'Don't look too long. Arsonists are always
gettin caught by goin back to look at their fires. I saw that on
America's Most Wanted!
'Nobody's wearing the Golden Sombrero for this
motherfucker except Baaarbie,' Junior said.
'What about you? Where you going?'
'Home. Ma'll say I was there all night. I'll
get her to change the bandage on my shoulder
— fuckin dogbite hurts like a bastard. Take
some aspirin. Then come on down, help fight the fire.'
'They've got heavier dope than aspirin at the
Health Center and the hospital. Also the drugstore. We ought to
look into that shit.'
'No doubt,' Carter said.
'Or ... do you tweek? I think I can get some of
'Meth? Never mess with it. But I wouldn't mind
some Oxy.' Oxy!' Junior exclaimed. Why had he never thought of
that? It would probably fix his headaches a lot better than Zomig
or Imitrix. 'Yeah, bro! You talk about it!'
He raised his fist. Carter bumped it, but he
had no intention of getting high with Junior. Junior was weird now.
'Better get goin, Junes.'
'I'm taillights.' Junior opened the door and
walked away, still limping a little. Carter was surprised at how
relieved he was when Junior was gone. 26
Barbie woke to the sound of the fire whistle
and saw Melvin Searles standing outside his cell. The boy's fly was
unzipped and he was holding his considerable cock in his hand. When
he saw he had Barbie's attention, he began to piss. His goal was
clearly to reach the bunk. He couldn't quite make it and settled
for a splattery letter S on the concrete instead.
'Go on, Barbie, drink up,' he said. 'You gotta
be thirsty. It's a little; salty, but what the fuck.'
'As if you didn't know,' Mel said, smiling. He
was still pale — he must have lost a fair amount of blood — but the
bandage around his head was crisp and unstained.
'Pretend I don't.'
'Your pals burned down the newspaper,' Mel
said, and now his
smile showed his teeth. Barbie realized the kid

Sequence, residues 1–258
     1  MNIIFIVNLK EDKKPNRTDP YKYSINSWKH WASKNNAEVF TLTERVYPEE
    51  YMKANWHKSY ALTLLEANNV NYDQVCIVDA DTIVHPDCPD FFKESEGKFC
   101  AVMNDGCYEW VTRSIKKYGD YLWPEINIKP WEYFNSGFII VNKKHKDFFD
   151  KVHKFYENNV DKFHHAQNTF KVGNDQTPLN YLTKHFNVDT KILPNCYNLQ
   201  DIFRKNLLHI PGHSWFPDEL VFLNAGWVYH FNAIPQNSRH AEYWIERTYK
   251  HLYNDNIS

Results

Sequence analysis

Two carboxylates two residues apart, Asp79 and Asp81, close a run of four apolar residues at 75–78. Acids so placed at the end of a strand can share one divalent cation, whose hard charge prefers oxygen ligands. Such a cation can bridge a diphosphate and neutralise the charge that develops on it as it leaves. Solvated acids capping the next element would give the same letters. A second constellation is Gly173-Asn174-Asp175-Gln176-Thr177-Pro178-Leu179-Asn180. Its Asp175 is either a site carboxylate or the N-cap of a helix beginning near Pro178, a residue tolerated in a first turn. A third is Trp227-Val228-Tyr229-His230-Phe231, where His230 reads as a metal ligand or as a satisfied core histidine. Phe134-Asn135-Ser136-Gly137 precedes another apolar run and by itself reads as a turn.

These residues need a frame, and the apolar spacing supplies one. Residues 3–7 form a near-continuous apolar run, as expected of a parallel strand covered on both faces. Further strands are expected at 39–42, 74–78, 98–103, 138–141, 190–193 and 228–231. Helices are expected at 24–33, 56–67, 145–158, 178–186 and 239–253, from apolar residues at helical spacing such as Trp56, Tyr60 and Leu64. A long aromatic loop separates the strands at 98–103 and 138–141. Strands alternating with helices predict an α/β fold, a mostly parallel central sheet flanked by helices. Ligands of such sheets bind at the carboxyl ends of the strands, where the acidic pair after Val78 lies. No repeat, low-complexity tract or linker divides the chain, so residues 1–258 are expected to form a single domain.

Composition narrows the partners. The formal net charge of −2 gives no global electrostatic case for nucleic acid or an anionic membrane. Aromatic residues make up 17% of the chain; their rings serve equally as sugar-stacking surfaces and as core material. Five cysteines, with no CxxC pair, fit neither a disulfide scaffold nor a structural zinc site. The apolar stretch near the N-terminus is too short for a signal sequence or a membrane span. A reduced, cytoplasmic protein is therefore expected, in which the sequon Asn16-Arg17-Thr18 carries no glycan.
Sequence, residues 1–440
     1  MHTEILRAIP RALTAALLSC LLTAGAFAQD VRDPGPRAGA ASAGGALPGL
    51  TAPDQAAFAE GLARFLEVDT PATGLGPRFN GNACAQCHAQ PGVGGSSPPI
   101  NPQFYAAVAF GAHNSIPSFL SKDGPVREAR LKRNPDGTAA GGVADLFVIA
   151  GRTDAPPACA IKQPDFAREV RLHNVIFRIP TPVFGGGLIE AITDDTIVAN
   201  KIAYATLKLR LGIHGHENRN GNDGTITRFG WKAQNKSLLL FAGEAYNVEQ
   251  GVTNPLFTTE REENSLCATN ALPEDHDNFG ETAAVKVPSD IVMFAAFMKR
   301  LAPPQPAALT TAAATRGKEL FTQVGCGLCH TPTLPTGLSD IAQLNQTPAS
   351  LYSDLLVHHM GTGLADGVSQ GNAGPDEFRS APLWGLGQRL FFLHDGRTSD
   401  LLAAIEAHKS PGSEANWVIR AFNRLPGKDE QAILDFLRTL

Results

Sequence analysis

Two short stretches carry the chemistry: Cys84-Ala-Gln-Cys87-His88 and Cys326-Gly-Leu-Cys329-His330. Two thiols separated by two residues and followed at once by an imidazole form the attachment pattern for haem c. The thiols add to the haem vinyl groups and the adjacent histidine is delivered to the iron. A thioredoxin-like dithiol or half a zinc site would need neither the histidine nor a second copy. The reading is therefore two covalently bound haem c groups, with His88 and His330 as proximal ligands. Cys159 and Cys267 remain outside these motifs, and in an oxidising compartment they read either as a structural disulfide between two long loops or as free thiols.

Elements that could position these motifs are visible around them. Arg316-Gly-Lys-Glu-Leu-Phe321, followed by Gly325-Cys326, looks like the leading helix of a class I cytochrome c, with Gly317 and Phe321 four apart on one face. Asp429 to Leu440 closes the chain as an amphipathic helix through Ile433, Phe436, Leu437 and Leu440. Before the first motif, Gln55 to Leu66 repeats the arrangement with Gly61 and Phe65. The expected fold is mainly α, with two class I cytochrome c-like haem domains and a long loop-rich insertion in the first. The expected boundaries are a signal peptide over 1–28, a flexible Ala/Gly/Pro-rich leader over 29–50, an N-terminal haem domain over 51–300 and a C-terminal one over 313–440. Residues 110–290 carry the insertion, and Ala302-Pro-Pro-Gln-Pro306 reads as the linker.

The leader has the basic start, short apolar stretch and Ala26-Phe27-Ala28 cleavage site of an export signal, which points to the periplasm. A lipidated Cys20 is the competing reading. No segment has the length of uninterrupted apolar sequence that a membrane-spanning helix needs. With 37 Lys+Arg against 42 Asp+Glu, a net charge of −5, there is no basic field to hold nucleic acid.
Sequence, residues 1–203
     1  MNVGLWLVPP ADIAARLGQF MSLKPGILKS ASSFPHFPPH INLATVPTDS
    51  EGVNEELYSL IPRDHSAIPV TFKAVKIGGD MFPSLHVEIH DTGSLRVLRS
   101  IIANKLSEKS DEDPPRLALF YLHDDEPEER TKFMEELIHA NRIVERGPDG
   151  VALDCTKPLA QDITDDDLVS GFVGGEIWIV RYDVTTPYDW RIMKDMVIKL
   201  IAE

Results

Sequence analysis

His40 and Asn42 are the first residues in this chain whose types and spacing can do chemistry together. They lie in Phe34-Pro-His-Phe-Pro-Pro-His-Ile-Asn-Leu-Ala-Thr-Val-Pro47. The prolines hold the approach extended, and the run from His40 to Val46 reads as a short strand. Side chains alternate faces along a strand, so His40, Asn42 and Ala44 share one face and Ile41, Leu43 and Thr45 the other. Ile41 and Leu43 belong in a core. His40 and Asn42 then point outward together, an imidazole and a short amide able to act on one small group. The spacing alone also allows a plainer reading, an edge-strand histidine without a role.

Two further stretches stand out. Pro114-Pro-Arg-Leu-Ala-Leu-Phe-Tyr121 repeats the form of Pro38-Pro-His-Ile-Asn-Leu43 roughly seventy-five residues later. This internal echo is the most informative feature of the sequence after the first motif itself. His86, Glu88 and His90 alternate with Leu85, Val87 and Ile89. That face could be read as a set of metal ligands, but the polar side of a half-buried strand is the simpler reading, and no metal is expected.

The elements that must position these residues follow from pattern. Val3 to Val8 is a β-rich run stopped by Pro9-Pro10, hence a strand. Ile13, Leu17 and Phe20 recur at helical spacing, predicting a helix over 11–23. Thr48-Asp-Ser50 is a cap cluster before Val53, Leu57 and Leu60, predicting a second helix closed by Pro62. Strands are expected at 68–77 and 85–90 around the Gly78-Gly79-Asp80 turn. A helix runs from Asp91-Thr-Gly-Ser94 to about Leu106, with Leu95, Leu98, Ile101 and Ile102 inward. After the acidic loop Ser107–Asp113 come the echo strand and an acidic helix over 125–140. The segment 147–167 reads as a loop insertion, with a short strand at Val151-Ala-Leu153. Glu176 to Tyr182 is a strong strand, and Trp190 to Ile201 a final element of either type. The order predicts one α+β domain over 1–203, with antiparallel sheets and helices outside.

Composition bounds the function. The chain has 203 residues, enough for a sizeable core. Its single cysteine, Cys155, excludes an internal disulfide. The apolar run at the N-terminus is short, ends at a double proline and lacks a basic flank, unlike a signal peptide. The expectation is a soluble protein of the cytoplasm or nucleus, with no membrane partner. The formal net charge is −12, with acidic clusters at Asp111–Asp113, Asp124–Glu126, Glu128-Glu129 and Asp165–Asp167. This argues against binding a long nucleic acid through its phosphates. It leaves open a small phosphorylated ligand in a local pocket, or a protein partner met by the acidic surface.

was furious. Frightened, too. 'Trying to scare us into letting you
out. But we . . . don't . . . scare!
'Why would I burn down the newspaper? Why not
the Town Hall? And who are these pals of mine supposed to be?'
Mel was tucking his cock back into his pants.
'You won't be thirsty tomorrow, Barbie. Don't worry about that. We've got a whole bucket of water with your
name on it, and a sponge to go with it.'
Barbie was silent.
'You seen that waterboarding shit in I-rack?'
Mel nodded as if he knew Barbie had. 'Now you'll get to experience
it first hand.' He pointed a finger through the bars. 'We're gonna
find out who your confederates are, fuckwad. And we're gonna find
out what you did to lock this town up in the first place. That
waterboarding shit? Nobody stands up to
He started away, then turned back.
'Not fresh water, either. Salt. First thing.
You think about it.'
Mel left, clumping up the basement hallway with
his bandaged head lowered. Barbie sat on the bunk, looked at the
drying snake of Mel's urine on the floor, and listened to the fire
whistle. He thought of the girl in the pickemup. The blondie who
almost gave him a ride and then changed her mind. He closed his
Rusty was standing in the turnaround in front
of the hospital, watching the flames rise from somewhere on Main
Street, when the cell phone clipped to his belt played its little
song. Twitch and Gina were with him, Gina holding Twitch's arm as
if for protection. Ginny Tomlinson and Harriet Bigelow were both
sleeping in the staff lounge. The old fellow who had volunteered,
Thurston Marshall, was making medication rounds. He had turned out
to be surprisingly good. The lights and the equipment were back on
and, for the time being, things were on an even keel. Until the
firewhistle went off, Rusty had actually dared to feel good.
He saw LINDA on the screen and said,'Hon?
'Here, yes. Kids are asleep.'
'Do you know what's bur—'
'The newspaper office. Be quiet and listen,
because I'm turning my phone off in about a minute and a half so
nobody can call me in to help fight the fire. Jackie's here. She'll
watch the kids.You need to meet me at the funeral home. Stacey
Moggin will be there, too. She came by earlier. She's with us.'
The name, while familiar, did not immediately
call up a face in Rusty s mind. And what resonated was She's with us. There really were starting to be
sides, starting to be with us and with them.
'Meet me there. Ten minutes. It's safe as long
as they're fighting the fire, because the Bowie brothers are on the
crew. Stacey says so.'
'How did they get a crew together so f—'
T don't know and don't care. Can you come?'